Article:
Traders globally have continued to push markets higher, although market volatility is rising as investors are becoming a little nervous over the strength of the markets since the start of the year, with the January performance the best in over a decade. Investors are turning their focus from the US earnings season across to Europe, where concerns are resurfacing about the debt crisis and the earnings season is well underway.
In today’s Analyst’s Eye we discuss the Yield Investment Strategy, identifying some potential investments and how you can protect your recent gains while still qualifying for future dividends.
The Australian market has continued its relentless rise (up consistently since last November) and is in bull market territory, up over 23% from its June lows and up over 14% from its November lows. There was a hiccup earlier in the week, but we are moving to new highs on the close.
US stock markets have held on to recent gains this week, hovering around all-time highs after recording their best January since 1994. The next target on the upside for the S&P 500 is still 1525 in the near-term. The S&P 500 is up 5.8% this year and is only 3.6% from all-time highs, while the Dow Jones is just 1.5% from all-time highs, hovering around the key 14,000 level. The CBOE Volatility index is up 4.7% for the week so far, indicating nervousness among investors after the recent spectacular run. Trader sentiment has been tempered by concerns over the eurozone debt crisis, after comments from the ECB president regarding the strength of the euro dollar which has a dampening impact European growth. Domestically weekly employment figures disappointed and a separate report showed productivity, the measure of employee output per hour, decreased at a 2 percent annual rate (down from 3.2 percent in the precious quarter), its worst performance in nearly two years. Over 300 S&P500 companies have reported, and of these 3 in 4 have exceeded earnings expectations, while 66% have beat on sales, with average earnings up 5% (compared to 1% in the previous quarter), according to Bloomberg surveys.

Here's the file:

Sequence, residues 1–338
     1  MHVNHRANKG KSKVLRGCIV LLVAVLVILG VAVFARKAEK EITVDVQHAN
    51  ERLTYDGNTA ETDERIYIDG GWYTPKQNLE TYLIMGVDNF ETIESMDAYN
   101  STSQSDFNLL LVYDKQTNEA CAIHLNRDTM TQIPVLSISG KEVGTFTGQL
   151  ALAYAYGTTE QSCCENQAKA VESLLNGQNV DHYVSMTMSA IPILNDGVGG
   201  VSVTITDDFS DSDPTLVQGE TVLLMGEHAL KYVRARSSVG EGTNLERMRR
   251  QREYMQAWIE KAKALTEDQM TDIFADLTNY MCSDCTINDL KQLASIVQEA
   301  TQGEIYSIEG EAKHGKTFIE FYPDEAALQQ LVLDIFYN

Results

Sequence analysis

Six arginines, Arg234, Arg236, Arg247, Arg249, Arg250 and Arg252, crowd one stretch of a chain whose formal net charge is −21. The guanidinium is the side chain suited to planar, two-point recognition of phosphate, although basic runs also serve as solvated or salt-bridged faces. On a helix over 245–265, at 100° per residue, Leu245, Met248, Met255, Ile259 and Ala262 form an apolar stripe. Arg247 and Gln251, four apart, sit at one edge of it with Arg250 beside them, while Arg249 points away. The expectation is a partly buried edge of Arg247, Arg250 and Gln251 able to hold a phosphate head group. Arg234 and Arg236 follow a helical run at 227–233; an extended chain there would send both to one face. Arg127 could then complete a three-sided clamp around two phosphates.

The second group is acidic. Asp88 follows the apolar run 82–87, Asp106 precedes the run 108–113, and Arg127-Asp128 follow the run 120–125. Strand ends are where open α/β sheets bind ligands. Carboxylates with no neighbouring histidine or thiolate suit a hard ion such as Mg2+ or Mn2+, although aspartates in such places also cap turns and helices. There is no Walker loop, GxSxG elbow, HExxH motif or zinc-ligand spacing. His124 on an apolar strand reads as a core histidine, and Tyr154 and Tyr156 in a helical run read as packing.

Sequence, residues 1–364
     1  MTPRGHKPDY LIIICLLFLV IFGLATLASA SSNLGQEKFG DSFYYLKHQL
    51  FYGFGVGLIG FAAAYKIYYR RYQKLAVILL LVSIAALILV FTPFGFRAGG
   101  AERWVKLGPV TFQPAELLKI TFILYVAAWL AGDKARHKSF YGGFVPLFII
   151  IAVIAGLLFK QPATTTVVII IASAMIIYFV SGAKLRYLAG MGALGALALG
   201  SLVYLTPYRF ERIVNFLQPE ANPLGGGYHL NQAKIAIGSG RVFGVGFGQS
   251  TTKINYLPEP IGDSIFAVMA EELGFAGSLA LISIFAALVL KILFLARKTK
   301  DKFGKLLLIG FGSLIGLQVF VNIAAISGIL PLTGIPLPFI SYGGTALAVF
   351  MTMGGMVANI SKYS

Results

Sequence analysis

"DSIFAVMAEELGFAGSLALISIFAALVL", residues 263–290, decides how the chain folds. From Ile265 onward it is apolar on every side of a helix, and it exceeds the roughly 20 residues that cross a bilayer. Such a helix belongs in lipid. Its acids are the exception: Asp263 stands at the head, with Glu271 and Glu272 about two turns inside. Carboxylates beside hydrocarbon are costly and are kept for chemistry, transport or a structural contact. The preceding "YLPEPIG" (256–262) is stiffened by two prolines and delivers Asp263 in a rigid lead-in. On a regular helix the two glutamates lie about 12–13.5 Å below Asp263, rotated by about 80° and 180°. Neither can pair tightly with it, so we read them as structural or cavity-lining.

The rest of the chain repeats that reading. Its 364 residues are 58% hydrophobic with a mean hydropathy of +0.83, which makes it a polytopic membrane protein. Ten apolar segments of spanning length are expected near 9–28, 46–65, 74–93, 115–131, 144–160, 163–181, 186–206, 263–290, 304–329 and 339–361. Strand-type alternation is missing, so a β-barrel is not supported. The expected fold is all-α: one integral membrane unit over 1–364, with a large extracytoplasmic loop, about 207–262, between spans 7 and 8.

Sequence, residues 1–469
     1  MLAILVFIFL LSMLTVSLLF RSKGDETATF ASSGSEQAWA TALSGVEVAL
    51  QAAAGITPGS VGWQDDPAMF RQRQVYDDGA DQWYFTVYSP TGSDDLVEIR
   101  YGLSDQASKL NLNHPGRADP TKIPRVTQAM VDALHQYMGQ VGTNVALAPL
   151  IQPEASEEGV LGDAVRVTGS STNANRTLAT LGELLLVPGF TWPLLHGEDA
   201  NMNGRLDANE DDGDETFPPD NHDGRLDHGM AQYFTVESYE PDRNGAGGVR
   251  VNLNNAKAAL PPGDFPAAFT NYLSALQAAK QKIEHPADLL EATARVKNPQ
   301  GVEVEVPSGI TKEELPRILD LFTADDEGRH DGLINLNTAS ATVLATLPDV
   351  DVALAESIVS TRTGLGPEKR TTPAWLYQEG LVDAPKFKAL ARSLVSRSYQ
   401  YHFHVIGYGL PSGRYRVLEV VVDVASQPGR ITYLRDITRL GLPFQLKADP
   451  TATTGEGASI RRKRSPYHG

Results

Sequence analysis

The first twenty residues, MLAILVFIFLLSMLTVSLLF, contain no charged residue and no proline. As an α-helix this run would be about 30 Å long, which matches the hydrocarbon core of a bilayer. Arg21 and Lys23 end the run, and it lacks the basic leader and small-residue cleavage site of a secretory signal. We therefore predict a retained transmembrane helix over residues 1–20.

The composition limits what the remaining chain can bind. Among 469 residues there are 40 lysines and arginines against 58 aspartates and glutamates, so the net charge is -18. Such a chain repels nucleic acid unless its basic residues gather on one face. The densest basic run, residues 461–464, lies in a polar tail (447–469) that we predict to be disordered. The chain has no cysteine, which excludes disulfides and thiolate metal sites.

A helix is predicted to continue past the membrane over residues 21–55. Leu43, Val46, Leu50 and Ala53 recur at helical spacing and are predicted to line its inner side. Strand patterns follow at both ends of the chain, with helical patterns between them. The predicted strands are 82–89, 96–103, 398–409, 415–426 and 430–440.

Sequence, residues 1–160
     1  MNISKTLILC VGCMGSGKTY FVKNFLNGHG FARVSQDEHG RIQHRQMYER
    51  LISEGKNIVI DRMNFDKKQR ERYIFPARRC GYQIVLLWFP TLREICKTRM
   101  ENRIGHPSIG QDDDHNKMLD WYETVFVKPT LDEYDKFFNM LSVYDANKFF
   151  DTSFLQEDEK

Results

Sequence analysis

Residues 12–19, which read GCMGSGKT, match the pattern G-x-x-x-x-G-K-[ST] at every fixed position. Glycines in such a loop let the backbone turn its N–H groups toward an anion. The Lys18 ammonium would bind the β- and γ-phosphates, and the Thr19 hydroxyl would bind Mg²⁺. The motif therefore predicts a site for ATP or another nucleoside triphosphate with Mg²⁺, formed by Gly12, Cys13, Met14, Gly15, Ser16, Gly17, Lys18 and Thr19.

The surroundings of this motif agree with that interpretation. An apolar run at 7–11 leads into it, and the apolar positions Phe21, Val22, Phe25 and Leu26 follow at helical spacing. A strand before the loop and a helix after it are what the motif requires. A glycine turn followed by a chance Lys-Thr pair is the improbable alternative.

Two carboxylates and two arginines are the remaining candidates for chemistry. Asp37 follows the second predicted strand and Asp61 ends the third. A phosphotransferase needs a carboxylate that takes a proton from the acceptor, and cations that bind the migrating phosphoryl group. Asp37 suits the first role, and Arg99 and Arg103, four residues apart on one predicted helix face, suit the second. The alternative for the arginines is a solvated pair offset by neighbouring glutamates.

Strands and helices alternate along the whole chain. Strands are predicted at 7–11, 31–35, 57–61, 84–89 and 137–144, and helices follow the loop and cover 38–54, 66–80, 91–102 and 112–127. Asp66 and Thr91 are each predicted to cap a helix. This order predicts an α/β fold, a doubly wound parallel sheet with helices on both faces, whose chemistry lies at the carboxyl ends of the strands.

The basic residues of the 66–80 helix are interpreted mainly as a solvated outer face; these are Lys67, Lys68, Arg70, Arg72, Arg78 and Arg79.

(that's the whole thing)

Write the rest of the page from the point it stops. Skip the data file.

European stock markets paint a different picture and are down off their highs for the week, capping their biggest monthly gain since last July. These markets are still near their highest level in almost two years, as European companies began reporting earnings. The Europe Stoxx 600 is still at levels not seen since February 2011, but the index has retraced and is now only up 1.5% for the year, after recording its longest winning streak since 1997. The three benchmark indexes are all down for the week, with France, Italy and Spain leading the falls, as sellers stepped in after Spain lifted its ban on short-selling stocks. The Stoxx Index, a measure of the price of using options to protect against declines in the Index, edged higher again, after it surged 26 percent earlier in the week for its biggest jump since August 2011. Of the nearly 200 Europe Stoxx 600 companies that have reported just about half have exceeded earnings expectations, while 53% have beat on sales, according to Bloomberg surveys. The European Central Bank President Mario Draghi signaled policy makers are concerned about the euro dollar strength as it could dampen inflation and detract from the eurozone economic recovery.
Asian stock markets fell back from their highest levels in eighteen months with Japan leading the way, backing off 4-year highs. The MSCI Asia Pacific Index eased -0.3%. The move is on the back of resurfacing concerns over the eurozone debt crisis. The index is still up around 11% from its June lows, led by Japanese stocks on optimism that the new government will take the necessary steps to fight deflation. Of the 255 companies on the MSCI Asia Pacific index that have reported earnings so far this quarter, about half have exceeded profit expectations, while half missed sales projections, according to Bloomberg surveys. In Japan the market made its highest close since September 2008 this week, while in Hong Kong the market had its largest fall since November earlier this week, where the selling was due to renewed concern about the eurozone debt crisis.